October 16, 2015
General Dynamics wins a contract amendment to implement the Block IV modifications to the Data Management System.

June 2015
Block IV of the AIMP received project approval.

October 2014
Two CP-140 Aurora are deployed on Operation IMPACT, the Canadian Armed Forces’ contribution to the fight against ISIL in the Middle East.

January 2014
Initial Operational Capability for Block III is achieved. Block III involves the upgrade to three key features:

  • beyond-line-of-sight satellite communication
  • link 16 datalink, a military tactical data exchange network used by NATO countries
  • self defence system

March 2012
Block II of the AIMP is completed, involving replacement of outdated navigation and communication management systems, and associated radios.

March 2011
Two CP-140 Aurora are deployed on Operation MOBILE, the Canadian Armed Forces’ participation in the international response to the popular uprising in Libya against the regime of Moammar Gadhafi.

February 2010
One CP-140 Aurora supports the RCMP-led Integrated Security Unit for the 2010 Vancouver Olympic Games under Operation PODIUM.

December 2005
Block I of the AIMP is completed, involving replacement of the high frequency radio and several obsolete systems to provide a baseline for other major upgrades that will follow.

Benefiting Canadian industry

Benefiting Canadian industry

Industrial and regional benefits:

List of Procurements and their IRB Managers

Contractors

The links below lead to externals websites that may be available in English only.

Technical information

Technical information

Aurora specifications

  • Length: 35.61 metres
  • Wingspan: 30.37 metres
  • Height: 10.30 metres
  • Power: 4 Allison T-56-A-14-LFE turboprop engines
  • Maximum Speed: 750 kilometres per hour
  • Cruising Speed: 556 kilometres per hour
  • Range: 7,400 kilometres
  • Equipment :
    • Navigation systems including : 
      • Control Display Unit, used to display all information critical to flight, including speed, altitude, heading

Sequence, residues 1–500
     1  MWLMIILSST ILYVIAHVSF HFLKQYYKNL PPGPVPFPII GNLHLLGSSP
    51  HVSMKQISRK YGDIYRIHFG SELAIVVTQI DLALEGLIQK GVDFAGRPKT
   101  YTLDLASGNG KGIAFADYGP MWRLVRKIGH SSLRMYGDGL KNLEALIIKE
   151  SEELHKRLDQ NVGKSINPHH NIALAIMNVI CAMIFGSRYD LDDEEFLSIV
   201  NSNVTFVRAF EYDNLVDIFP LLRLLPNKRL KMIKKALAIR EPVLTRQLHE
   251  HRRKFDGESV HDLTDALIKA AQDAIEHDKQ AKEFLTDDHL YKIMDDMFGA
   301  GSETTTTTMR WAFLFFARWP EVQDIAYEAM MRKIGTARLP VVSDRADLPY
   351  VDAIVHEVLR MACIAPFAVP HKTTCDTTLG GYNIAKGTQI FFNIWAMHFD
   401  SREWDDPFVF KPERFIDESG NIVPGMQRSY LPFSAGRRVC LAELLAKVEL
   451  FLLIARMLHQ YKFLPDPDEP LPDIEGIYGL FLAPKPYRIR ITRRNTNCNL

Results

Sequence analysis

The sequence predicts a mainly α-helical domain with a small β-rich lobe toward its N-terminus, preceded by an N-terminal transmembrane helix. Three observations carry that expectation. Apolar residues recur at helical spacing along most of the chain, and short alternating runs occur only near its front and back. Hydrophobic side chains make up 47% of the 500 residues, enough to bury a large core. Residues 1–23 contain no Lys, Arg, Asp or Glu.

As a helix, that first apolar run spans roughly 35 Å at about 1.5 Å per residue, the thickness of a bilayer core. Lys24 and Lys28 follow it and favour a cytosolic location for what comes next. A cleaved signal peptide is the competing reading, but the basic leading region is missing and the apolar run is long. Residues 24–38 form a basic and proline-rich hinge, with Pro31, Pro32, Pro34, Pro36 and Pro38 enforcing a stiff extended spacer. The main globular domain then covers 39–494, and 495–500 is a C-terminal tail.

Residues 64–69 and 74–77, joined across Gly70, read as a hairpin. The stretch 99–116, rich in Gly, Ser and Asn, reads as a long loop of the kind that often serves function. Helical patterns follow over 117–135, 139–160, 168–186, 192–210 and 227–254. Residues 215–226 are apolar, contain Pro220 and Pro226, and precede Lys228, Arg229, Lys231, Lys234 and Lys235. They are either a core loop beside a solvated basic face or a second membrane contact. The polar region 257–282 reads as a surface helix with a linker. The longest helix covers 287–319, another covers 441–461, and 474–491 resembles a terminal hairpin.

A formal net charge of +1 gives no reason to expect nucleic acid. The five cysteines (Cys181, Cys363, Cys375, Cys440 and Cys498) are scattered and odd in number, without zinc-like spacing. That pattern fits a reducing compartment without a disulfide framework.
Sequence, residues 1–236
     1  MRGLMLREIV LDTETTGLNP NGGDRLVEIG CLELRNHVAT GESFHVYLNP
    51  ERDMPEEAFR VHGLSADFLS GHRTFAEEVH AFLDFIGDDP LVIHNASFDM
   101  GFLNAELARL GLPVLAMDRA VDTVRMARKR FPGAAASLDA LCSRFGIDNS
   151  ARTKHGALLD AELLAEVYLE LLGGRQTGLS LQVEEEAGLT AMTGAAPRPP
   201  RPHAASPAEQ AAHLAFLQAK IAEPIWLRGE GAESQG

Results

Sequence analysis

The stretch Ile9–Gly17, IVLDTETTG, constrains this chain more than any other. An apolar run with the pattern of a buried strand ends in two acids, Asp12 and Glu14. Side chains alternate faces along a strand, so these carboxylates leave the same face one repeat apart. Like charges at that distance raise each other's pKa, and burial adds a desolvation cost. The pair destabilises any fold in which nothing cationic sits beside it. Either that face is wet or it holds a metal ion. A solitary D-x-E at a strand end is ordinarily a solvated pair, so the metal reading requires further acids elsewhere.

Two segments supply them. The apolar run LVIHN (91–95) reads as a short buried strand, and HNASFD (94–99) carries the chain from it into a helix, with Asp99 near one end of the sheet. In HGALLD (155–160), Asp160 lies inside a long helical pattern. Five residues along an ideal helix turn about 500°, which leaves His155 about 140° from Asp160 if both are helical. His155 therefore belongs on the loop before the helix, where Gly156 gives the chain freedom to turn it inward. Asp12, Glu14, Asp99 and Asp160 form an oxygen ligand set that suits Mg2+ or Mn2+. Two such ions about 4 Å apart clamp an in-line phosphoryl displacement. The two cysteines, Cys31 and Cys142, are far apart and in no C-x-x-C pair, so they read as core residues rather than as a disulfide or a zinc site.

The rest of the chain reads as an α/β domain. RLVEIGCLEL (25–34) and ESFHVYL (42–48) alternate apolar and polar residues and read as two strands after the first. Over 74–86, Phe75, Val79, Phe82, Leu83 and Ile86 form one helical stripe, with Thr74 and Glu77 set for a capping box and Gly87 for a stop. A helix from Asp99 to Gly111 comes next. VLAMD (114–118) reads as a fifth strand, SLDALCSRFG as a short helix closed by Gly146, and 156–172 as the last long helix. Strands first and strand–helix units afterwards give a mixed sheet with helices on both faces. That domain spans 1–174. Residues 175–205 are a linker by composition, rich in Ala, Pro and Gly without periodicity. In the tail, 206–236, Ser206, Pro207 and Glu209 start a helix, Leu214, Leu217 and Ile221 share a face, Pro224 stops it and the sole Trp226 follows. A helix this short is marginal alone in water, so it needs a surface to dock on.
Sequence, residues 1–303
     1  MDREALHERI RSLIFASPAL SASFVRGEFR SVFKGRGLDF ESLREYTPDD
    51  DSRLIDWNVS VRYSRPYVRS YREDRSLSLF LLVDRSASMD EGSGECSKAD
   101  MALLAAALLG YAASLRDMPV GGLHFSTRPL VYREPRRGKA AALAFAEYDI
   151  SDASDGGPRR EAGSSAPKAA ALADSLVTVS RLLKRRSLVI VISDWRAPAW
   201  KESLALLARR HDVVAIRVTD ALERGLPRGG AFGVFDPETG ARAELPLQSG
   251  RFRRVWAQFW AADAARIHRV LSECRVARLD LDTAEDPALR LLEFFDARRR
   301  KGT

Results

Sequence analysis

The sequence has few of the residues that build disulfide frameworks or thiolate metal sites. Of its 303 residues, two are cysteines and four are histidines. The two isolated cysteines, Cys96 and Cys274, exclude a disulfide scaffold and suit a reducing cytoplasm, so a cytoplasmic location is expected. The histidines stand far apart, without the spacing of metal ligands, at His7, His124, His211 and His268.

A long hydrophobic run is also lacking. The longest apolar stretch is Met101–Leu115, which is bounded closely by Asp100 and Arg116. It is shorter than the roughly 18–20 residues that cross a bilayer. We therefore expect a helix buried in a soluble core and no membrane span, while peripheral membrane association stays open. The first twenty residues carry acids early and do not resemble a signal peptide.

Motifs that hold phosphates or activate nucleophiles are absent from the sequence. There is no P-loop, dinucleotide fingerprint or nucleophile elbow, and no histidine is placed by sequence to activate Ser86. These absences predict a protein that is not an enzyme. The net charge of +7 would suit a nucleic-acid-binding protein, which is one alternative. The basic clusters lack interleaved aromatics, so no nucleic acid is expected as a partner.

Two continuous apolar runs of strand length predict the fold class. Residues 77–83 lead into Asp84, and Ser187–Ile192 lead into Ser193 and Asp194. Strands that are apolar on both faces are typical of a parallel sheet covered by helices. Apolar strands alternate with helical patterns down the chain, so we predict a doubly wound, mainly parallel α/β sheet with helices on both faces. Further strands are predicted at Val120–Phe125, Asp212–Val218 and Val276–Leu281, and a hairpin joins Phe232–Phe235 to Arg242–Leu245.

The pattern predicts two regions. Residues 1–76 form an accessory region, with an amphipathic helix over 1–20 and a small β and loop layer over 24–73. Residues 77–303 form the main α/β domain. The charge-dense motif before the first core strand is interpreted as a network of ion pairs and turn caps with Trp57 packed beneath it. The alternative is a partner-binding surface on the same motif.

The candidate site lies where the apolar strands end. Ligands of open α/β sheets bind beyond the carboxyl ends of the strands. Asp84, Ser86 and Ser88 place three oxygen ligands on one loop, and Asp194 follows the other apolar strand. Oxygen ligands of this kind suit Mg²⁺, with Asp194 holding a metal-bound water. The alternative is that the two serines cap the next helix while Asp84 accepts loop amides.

• AN/ARN-508 VOR/ILS/Marker Beacon, used for enroute navigation and landing
      • Embedded Global Positioning System/Inertial Navigation System (EGI), used to provide aircraft position, heading and velocity
    • Communications systems including:
      • AN/ARC-511 and  AN/ARC-513 Very High Frequency (VHF) radios, used for line of sight air traffic management and marine communications
      • AN/ARC-210 and AN/ARC-234 Very and Ultra High Frequency (V/UHF) radios, used for line of sight data communications and two-way radio communication
      • ARC-512 High Frequency (HF) radios and Link-11 Tactical Data Link, used to transmit, relay and receive long range tactical data and communication
    • Data Management System that integrates information and displays it from the following sensors:
      • AN/APS-508 multi-mode Imaging Radar System, an exceptionally capable detection, tracking and imaging  radar system for weather avoidance, maritime and ground-mapping roles
      • MX-20 Electro-Optics/Infrared Sensor package that allows day and night visual surveillance at extended ranges
      • Modular VME Acoustic Sensor Processor AN/UYS-504 acoustic system capable of analyzing information received from sonobuoys
      • AN/ASQ-508 Magnetic Anomaly Detector, used primarily for the detection of submarines
      • AN/ALQ-507 Electronic Support Measures (ESM) system, used to identify and locate sources of radio frequency emission
    • Armament and Search Stores:
      • Mark 46 Mod 5 torpedoes
      • Sonobuoys
      • Signal charges
      • Smoke Markers
      • Illumination Flares
    • Crew : Standard crew complement of 10 members varying according to mission including:
      • 2 Pilots
      • 1 Flight Engineer
      • 2 Air Combat Sensor Officers
      • 5 Airborne Electronic Sensor Operators
Project cost

Project cost

The total estimated cost for AIMP and ASLEP combined is $2.2 billion.